Diabetes affects about one-tenth of all Americans. Roughly 95% of diabetic people have Type II; the remainder has Type I. A novel method is being evaluated to treat the problem’s cause rather than using insulin to adjust the symptoms.
https://my.clevelandclinic.org/health/diseases/7104-diabetes-mellitus-an-overview Diabetes mellitus (DM) is a disease that prevents blood glucose control levels in the body. Both Type I (T1DM) and Type II (T2DM) require insulin to keep blood glucose levels in the normal range.
T1DM is an autoimmune disease (https://beyondtype1.org/type-1-diabetes-with-other-autoimmune-diseases/). Beta cells in the pancreas make insulin. The body’s immune system attacks and destroys beta cells. Insulin can no longer be produced and must be provided by alternate methods.
T2DM is not an immune disease. (https://www.health.harvard.edu/a_to_z/type-2-diabetes-mellitus-a-to-z). Insulin activates cells in the body to absorb glucose from the bloodstream. When cell sensitivity to capture glucose is degraded, it takes more insulin to transfer the same amount of glucose from the bloodstream into the cells.
https://www.diabetes.co.uk/body/beta-cells.html Beta cells respond to blood glucose levels as they rise from eating food. Amylin and C-peptide are also generated by beta cells. Amylin controls the release rate of glucose in the bloodstream and C-peptide provides repair assistance to the arteries and prevents neuropathy.
Beta cells in people with T2DM have difficulty producing enough insulin to cope with blood glucose levels. High levels of blood glucose over time (chronic hyperglycemia) leads to beta cell wear out. Beta cells are no longer capable of handling the demand for insulin when needed.
https://www.medicalnewstoday.com/articles/could-transforming-alpha-cells-into-beta-cells-treat-diabetes Two hormones, insulin and glucagon, are created in the pancreas and control blood sugar levels. Insulin is made by beta cells and glucagon is produced by alpha cells. These two hormones oppose each other; one stimulates insulin production, and the other increases blood glucose.
Scientists used studies of diabetic mice to attack both the problem of the immune system destroying beta cells that reduces or eliminates insulin production and beta cell wear out. Can one solution address both issues? Alpha cells might hold the answer. https://www.pnas.org/content/114/10/2753?ijkey=bd5a39a88e1d2e0ea092fcf98b96e8f1a74a07b9&keytype2=tf_ipsecsha
A synthetic monoclonal antibody was injected into diabetic mice. This antibody blocked glucagon receptors in the liver. The result was transforming alpha cells in the pancreas into beta cells. Additional beta cells provide the extra levels of insulin to assist both T1DM and T2DM.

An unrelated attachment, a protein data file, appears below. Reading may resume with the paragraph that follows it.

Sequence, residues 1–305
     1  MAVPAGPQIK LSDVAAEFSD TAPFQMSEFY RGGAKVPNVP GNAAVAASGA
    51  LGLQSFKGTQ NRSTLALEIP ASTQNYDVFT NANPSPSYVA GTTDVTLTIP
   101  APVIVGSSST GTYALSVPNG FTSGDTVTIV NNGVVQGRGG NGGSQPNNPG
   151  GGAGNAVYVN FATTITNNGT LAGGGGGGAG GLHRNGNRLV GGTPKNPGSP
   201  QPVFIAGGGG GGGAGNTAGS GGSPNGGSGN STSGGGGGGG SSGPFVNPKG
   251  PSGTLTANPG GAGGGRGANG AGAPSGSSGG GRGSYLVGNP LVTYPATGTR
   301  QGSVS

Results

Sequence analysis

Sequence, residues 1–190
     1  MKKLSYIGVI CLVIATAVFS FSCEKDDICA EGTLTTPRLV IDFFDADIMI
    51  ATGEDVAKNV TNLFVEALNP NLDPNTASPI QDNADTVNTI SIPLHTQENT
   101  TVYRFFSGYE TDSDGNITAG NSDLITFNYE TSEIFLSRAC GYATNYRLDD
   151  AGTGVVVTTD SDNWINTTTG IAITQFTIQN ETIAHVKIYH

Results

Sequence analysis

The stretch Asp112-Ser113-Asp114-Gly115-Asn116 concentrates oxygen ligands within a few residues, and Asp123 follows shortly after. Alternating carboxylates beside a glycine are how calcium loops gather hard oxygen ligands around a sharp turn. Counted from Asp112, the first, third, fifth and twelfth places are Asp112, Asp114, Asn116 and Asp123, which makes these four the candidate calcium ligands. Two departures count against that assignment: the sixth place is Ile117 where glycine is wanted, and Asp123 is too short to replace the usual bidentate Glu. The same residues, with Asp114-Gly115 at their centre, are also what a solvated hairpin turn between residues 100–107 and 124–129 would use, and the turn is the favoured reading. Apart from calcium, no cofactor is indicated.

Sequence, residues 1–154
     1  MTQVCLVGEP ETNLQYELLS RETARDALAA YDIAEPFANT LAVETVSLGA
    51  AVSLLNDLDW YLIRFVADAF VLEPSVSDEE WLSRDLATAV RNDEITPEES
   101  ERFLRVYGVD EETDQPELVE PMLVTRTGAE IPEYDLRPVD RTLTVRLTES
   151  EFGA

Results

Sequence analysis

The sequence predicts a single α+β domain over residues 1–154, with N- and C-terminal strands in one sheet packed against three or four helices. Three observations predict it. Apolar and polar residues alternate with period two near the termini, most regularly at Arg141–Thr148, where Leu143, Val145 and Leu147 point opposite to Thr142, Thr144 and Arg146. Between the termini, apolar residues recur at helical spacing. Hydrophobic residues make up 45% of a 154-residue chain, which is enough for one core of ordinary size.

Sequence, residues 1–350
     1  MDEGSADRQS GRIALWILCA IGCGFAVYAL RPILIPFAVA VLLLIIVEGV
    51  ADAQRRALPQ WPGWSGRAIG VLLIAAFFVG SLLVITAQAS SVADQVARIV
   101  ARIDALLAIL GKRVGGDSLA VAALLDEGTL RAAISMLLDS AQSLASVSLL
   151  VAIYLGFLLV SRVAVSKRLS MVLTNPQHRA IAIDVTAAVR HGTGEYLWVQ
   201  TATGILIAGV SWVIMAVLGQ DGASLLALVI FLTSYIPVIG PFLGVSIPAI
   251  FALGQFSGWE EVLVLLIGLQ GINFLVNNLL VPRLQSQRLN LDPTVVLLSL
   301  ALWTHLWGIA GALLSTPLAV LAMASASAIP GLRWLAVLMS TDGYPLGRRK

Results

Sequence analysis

The autoimmune attack of beta cells in people with T1DM means that converting alpha cells to beta cells restores the body’s ability to manufacture insulin for daily needs. Beta cells are continually killed by the immune system and are replaced by alpha cells. Scientists know that people surviving decades with T1DM have enough alpha cells that are not destroyed by the immune system dysfunction.
https://www.pnas.org/content/118/9/e2022142118 The latest studies confirm that mice with T1DM and T2DM could provide adequate levels of insulin to meet demand. The regulation of blood glucose levels was restored. The published results tell us that a once-a-week injection of the monoclonal antibody was enough to maintain normal pancreatic function.
https://gero.usc.edu/2017/02/23/fasting-mimicking-diet-may-reverse-diabetes/ Is it possible to control blood glucose levels without antibody injections? Dr. Valter Longo, director of the Longevity Institute at the University of Southern California Leonard Davis School of Gerontology, has been working on treating both T1DM and T2DM with fasting, abstaining from food.
He discovered that cycling a fasting-mimicking diet (FMD) with normal eating can reprogram the pancreas to grow new beta cells in laboratory animals. Human studies using FMD show that the body increases the Ngn3 protein during fasting that accelerates insulin production.
Information about the FMD can be seen at https://www.raowellness.com/3-things-you-need-to-know-about-the-fasting-mimicking-diet/
Remarkable progress is being made in the treatment of diabetes. I do a 72-hour-fast monthly to rebuild my immune system. I started this extended fasting option several years ago when I read about Dr. Valter Longo’s studies on fasting and immune system improvement.
About three years ago, I read about his success with a five-day-fast that resulted in the pancreas growing new beta cells, even in patients with T1DM. I have incorporated several five-day-fasts over the past couple of years. My fasting is water and/or unsweetened iced tea only.
Live Longer & Enjoy Life! – Red O’Laughlin – RedOLaughlin.com